U.S. Capitol Police Arrest 22+ at Kavanaugh Hearing

Protesters disrupt the start of the Supreme Court nominee Judge Brett Kavanaugh's confirmation hearing before the Senate Judiciary Committee in the Hart Senate Office Building on Capitol Hill September 4, 2018 in Washington, DC. Kavanaugh was nominated by President Donald Trump to fill the vacancy on the court left by …
Mark Wilson/Getty

The Senate confirmation hearings of Supreme Court nominee Judge Brett Kavanaugh had a noisy start Tuesday as U.S. Capitol Police arrested more than 22 activists opposed to Kavanaugh for disorderly conduct.

The protesters stood, shouted, and waived signs in the crowded Senate Judiciary Committee hearing room. Some of the shouts of those trying to interrupt the proceedings from the gallery echoed the same arguments from Democrats trying to derail them from the dais, including complaints about certain documents being released to senators Monday night and the overall inappropriateness of holding the hearings without delay.

The protesters spouted off, individually or in small groups, in succession, often timed to add an air of chaos to already tense debate among of the senators at the head of the room. Some held signs indicating affiliation with Code Pink, a leftist outgrowth of the anti-Iraq War movement that now focuses primarily on opposition to President Donald Trump.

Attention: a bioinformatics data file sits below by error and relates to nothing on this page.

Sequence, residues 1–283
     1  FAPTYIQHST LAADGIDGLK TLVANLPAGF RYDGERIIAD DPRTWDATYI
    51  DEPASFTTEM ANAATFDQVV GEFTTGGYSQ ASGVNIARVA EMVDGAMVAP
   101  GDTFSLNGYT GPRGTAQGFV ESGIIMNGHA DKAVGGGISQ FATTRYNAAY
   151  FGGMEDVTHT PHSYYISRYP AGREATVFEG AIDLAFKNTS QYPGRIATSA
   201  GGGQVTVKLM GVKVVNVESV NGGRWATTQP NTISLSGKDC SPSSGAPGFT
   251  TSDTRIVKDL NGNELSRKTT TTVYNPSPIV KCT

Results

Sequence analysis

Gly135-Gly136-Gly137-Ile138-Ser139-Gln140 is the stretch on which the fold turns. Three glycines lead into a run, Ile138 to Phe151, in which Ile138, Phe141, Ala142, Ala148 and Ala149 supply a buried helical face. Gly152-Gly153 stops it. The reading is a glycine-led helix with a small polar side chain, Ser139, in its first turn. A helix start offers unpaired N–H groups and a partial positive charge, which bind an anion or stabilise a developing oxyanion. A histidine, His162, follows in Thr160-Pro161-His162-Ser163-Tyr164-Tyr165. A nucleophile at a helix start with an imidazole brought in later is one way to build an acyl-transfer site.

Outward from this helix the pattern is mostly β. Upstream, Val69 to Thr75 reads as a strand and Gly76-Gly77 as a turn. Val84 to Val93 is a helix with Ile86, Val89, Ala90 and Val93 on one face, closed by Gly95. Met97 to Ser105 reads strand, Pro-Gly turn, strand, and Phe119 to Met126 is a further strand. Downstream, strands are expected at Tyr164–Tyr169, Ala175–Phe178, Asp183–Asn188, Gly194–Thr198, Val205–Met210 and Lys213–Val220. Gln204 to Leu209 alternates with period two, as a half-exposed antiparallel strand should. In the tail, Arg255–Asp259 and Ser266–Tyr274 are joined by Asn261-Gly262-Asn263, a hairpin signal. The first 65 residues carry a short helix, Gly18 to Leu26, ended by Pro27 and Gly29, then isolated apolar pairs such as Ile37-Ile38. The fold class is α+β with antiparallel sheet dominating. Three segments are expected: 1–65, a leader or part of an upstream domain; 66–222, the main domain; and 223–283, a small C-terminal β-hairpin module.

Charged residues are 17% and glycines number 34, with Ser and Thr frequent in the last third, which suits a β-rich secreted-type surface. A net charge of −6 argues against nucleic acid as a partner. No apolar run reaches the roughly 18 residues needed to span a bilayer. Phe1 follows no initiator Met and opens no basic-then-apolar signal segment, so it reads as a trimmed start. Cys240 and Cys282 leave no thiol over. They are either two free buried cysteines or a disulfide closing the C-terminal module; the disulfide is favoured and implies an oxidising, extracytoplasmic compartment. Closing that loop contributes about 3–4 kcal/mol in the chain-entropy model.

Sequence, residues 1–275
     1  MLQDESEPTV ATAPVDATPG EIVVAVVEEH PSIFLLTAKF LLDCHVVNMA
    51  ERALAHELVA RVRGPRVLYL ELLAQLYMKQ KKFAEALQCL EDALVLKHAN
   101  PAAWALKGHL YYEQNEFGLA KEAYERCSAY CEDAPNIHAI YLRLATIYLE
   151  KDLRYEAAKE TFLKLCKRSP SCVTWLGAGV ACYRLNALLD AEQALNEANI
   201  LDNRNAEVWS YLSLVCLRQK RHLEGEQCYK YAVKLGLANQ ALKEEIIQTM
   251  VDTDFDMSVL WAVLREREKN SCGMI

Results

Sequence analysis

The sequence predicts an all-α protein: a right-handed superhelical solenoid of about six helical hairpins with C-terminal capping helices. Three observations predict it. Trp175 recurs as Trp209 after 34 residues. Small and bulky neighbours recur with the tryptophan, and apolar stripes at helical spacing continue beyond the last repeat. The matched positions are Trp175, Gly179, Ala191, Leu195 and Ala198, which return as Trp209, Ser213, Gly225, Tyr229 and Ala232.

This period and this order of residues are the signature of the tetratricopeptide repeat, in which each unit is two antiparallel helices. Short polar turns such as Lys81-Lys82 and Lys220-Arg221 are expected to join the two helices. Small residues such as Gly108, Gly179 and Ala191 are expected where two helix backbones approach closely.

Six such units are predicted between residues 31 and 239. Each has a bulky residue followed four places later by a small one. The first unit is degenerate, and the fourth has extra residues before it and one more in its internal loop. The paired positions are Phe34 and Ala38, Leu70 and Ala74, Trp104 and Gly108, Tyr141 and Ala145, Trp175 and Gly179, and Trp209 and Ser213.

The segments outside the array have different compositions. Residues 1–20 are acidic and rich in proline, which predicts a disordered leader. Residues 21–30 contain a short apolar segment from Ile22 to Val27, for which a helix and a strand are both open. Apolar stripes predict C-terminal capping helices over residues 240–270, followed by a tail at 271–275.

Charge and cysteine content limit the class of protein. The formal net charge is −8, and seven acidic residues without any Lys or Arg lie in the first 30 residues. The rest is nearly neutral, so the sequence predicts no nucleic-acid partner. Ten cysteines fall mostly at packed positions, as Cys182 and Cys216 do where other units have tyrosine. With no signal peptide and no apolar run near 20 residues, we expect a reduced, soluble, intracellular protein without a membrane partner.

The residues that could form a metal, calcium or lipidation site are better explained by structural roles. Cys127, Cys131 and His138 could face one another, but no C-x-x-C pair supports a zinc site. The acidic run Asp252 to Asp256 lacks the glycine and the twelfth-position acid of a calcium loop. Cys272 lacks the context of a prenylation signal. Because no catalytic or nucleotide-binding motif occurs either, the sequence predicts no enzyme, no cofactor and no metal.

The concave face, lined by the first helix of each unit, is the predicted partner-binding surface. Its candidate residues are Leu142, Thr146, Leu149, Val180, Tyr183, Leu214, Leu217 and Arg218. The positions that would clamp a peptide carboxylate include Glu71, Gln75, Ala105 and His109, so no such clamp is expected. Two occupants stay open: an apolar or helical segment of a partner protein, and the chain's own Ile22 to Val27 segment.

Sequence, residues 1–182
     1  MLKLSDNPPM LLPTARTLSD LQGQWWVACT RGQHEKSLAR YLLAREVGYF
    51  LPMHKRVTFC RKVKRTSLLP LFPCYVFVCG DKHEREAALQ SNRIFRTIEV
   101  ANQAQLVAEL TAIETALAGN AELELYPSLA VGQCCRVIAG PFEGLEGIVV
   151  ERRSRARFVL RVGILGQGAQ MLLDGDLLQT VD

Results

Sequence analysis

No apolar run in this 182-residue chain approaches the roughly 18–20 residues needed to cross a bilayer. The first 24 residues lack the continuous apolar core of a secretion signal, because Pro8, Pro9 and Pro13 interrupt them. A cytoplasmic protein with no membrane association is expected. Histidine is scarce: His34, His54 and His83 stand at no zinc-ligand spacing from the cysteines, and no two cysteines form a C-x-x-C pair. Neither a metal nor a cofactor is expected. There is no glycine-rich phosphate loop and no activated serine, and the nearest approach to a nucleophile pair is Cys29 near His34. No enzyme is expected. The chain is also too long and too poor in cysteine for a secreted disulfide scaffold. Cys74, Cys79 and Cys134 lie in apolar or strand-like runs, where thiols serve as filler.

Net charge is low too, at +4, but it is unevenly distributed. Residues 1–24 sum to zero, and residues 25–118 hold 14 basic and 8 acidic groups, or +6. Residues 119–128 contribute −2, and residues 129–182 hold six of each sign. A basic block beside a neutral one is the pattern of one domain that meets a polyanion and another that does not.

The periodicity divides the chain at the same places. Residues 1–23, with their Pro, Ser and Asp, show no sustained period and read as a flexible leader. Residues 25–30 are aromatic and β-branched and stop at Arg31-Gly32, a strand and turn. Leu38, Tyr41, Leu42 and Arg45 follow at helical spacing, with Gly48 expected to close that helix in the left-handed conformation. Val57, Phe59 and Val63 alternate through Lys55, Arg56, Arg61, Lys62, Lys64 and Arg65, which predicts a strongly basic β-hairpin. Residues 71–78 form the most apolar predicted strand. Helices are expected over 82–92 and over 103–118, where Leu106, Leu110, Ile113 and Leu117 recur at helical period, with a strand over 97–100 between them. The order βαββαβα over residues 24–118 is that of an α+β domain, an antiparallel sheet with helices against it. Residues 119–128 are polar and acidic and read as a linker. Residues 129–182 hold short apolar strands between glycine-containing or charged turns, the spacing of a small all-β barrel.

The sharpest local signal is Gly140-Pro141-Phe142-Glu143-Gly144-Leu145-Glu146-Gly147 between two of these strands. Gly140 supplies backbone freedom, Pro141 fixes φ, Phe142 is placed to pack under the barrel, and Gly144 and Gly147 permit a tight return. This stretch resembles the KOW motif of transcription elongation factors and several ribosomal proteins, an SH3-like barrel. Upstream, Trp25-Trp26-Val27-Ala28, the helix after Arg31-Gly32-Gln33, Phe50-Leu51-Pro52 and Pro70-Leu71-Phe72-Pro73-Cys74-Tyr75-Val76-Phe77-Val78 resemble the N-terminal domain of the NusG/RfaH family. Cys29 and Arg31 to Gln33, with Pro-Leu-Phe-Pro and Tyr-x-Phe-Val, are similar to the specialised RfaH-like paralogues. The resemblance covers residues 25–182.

The effect was have a near constant element of noise and disorder in a setting which is usually sedate. Fox News’s Chad Pegram claimed the disruption was such that “no one in the room” could hear the proceedings:

As of 10:19 a.m. Eastern, Pegram quoted Capitol Police saying 22 had been arrested so far, with the primary charge being disorderly conduct, which is a typical charge for those who interrupt congressional hearings or cause other disruptions at the Capitol:

More protesters, however, continued to attempt to disrupt the hearing, even as Judiciary Committee Chairman Chuck Grassley (R-IA), finally was able to deliver his opening statement after over an hour of continuous interruption but Senate Democrats and protesters. They too were arrested, according to Pegram and other reporters in the hearing room:

Some of these later arresttees, according to Pegram, were upset at their treatment by Capitol Police:

Capitol Police did not release an updated arrest tally, but a photograph posted to Twitter by NBC News reporter Frank Thorp indicates the same of the activists attempts at disruption:

Despite the protesters efforts and Senate Democrats corresponding attempt to stop the hearings, Grassley was able to deliver his opening, and the hearing was able to begin in earnest. Later, Sen. Patrick Leahy (D-VT), a former Judiciary Committee chairman, objected when his own statement — in which he strongly opposed Kavanaugh — was interrupted by a screaming protester at the back of the room.


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